University of Florida

Alternative Farm Enterprises


Entrepreneurial farmers can supplement their income through alternative farm enterprises that help sustain farming families and prevent rural culture from vanishing.

Types of Alternative Enterprises

There are three main types of alternative enterprises. You may prefer to specialize in one type, or you might want to expand into two or even all three areas.

  • Agritourism is attracting visitors for education about, enjoyment of, or active involvement in the activities of a farm.
  • Ecotourism focuses on ecological opportunities such as bird watching, hiking, and nature trails.
  • Heritage tourism features access to historical sites or other cultural attractions.

Getting Started

Before you decide to pursue an alternative enterprise on your farm, consider having the following items for visitors to your farm:

  • Something interesting to see
  • Something fun to do
  • Something attractive, useful, or delicious for sale

Features of Alternative Enterprises

Typical components of alternative enterprises include the following:

  • Roadside marketing
  • Capitalizing on normal seasonal events
  • Using resources already available on the farm (specialty crops, unused land, equipment)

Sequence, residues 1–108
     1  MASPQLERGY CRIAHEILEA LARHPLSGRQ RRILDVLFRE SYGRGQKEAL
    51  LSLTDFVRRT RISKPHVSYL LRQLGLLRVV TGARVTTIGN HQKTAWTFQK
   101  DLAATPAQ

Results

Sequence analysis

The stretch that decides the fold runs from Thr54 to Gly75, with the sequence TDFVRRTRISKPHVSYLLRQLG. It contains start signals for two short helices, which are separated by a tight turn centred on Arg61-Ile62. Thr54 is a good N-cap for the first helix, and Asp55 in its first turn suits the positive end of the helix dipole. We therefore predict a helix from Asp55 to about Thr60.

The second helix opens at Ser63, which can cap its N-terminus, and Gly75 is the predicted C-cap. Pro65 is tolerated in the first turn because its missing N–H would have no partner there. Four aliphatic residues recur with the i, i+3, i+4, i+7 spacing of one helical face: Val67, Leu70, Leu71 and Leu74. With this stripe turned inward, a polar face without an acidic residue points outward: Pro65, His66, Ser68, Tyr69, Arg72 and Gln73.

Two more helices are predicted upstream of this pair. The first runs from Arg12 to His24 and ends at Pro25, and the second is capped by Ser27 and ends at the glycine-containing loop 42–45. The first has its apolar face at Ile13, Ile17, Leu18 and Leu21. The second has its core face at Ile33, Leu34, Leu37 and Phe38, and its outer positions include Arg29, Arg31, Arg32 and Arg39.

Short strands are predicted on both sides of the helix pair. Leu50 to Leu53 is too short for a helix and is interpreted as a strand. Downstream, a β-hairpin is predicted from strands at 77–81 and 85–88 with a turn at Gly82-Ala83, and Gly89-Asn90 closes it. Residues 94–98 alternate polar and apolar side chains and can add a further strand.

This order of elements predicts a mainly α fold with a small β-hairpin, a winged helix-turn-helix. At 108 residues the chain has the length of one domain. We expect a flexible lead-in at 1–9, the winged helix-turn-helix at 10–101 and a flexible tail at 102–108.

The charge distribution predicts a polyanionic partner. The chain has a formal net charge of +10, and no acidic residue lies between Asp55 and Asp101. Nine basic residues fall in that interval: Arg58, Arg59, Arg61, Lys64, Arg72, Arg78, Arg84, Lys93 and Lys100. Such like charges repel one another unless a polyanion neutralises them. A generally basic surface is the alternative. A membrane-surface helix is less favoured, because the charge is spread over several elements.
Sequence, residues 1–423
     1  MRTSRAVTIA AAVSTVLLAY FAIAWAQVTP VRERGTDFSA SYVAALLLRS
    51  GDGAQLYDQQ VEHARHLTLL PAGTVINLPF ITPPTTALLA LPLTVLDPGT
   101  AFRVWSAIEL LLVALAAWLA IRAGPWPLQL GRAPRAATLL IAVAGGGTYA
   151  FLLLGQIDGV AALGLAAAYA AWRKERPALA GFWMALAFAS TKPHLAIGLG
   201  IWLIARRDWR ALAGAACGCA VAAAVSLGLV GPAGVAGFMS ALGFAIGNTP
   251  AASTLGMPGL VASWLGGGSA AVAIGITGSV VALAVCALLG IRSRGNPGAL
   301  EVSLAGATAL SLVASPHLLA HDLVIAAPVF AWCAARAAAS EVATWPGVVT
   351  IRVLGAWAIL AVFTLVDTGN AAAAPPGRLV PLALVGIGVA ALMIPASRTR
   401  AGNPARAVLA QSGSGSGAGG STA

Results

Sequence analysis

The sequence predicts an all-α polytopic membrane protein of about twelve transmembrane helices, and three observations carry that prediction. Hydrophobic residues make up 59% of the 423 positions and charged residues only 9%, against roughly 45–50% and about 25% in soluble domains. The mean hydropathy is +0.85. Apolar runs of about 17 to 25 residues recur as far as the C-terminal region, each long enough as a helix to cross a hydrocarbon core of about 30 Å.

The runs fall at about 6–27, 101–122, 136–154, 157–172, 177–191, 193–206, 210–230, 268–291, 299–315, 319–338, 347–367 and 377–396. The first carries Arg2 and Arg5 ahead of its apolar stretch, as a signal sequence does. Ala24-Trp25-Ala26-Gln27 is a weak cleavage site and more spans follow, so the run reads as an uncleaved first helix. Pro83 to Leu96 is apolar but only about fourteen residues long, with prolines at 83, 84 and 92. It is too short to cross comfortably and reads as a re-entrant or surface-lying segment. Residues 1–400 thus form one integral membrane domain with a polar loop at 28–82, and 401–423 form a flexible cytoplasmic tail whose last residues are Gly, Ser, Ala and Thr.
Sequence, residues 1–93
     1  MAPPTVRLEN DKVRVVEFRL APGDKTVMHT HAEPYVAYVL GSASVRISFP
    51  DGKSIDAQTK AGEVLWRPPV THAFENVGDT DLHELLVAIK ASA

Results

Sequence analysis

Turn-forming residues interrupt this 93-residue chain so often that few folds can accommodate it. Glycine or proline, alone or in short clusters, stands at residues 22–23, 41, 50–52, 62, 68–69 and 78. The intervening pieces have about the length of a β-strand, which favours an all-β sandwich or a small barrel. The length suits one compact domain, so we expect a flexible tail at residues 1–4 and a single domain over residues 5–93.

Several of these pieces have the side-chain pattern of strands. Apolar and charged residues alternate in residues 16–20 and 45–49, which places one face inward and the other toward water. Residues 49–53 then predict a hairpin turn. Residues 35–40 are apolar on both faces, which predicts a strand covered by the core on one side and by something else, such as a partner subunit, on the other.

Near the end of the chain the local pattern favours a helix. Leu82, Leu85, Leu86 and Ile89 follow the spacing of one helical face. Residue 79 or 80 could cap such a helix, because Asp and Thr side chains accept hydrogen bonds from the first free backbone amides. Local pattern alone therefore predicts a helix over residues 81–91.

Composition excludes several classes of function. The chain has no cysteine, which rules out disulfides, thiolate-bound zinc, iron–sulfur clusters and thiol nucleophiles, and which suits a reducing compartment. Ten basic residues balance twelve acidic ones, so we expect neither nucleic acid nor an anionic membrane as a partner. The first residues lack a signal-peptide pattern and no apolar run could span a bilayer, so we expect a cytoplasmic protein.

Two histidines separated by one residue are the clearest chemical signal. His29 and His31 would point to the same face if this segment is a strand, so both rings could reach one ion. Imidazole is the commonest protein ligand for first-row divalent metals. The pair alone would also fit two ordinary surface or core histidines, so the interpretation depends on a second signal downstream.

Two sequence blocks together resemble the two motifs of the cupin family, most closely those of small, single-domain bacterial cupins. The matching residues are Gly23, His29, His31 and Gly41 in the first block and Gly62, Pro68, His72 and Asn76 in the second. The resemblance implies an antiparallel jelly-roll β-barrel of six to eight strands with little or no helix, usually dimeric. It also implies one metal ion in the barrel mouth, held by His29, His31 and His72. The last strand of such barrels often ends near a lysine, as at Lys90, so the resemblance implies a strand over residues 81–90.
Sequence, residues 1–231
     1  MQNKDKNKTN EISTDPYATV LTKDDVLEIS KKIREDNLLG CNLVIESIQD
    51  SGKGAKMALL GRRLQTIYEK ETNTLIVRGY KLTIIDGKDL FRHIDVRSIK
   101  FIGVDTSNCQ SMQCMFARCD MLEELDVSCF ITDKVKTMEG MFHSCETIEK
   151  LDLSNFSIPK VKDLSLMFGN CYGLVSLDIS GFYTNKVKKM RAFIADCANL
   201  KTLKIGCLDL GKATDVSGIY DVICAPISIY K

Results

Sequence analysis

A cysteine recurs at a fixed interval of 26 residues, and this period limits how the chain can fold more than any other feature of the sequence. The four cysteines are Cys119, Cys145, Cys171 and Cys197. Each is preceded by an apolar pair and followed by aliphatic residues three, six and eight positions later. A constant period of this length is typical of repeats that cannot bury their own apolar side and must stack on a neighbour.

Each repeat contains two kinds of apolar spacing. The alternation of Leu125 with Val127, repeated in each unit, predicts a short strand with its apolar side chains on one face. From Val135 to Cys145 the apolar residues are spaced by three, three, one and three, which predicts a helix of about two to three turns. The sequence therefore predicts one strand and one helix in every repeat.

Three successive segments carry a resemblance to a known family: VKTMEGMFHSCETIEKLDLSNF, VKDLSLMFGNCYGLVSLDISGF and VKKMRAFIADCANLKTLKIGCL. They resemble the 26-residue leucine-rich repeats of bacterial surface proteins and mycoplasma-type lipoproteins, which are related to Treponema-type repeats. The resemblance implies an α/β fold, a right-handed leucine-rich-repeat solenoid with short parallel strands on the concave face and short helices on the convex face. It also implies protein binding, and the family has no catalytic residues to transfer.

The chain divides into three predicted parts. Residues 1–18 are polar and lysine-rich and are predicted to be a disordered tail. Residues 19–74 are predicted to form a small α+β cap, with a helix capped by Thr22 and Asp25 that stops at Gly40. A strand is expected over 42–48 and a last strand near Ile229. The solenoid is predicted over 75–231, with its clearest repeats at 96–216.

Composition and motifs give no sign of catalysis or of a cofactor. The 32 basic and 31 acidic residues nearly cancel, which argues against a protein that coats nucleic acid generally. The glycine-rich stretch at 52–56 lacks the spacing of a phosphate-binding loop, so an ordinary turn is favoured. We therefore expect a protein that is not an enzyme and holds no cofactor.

• Promoting the rural way of life, culture, and history
  • Focusing on crops, products, and traditions unique to the region or area
  • Providing interactive, educational activities not widely available elsewhere

Specific Opportunities

Many different specific opportunities for agricultural producers exist within the areas of agritourism, ecotourism, and heritage tourism. The following are some of the most popular enterprises tried by farm owners, in conjunction with normal production:

  • Rides, u-pick, and/or petting zoo
  • Gift shop
  • Unique temporary feature, such as a corn maze or pumpkin patch
  • Access to natural areas for activities like bird watching, hiking, and biking
  • Opportunities in fishing or other recreational activities, often including equipment rental
  • Access to space for camping, family reunions, festivals, music concerts, and other group functions
  • Education about unique types of farming, such as specialty livestock, hydroponics, flowers, and herbs
  • Classes on gardening, cooking, and/or crafts
  • Promotion of the heritage of the farm--for example, exotic animal hunting, cane making, or another historical farming tradition unique to the region
  • Exhibition of old tools, implements, etc.
  • Photo opportunities

For more information, visit the Tourism section of the Small Farms & Alternative Enterprises website.

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